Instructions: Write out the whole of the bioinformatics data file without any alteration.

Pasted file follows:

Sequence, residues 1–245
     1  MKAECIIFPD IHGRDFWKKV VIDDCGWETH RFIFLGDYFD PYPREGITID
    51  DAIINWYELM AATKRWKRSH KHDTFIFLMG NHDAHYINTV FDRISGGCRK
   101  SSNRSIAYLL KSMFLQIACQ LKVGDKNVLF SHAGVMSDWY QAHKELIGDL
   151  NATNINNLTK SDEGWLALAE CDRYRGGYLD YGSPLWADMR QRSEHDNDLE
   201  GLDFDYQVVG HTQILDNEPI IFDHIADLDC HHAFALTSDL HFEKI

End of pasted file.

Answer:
Sequence, residues 1–245
     1  MKAECIIFPD IHGRDFWKKV VIDDCGWETH RFIFLGDYFD PYPREGITID
    51  DAIINWYELM AATKRWKRSH KHDTFIFLMG NHDAHYINTV FDRISGGCRK
   101  SSNRSIAYLL KSMFLQIACQ LKVGDKNVLF SHAGVMSDWY QAHKELIGDL
   151  NATNINNLTK SDEGWLALAE CDRYRGGYLD YGSPLWADMR QRSEHDNDLE
   201  GLDFDYQVVG HTQILDNEPI IFDHIADLDC HHAFALTSDL HFEKI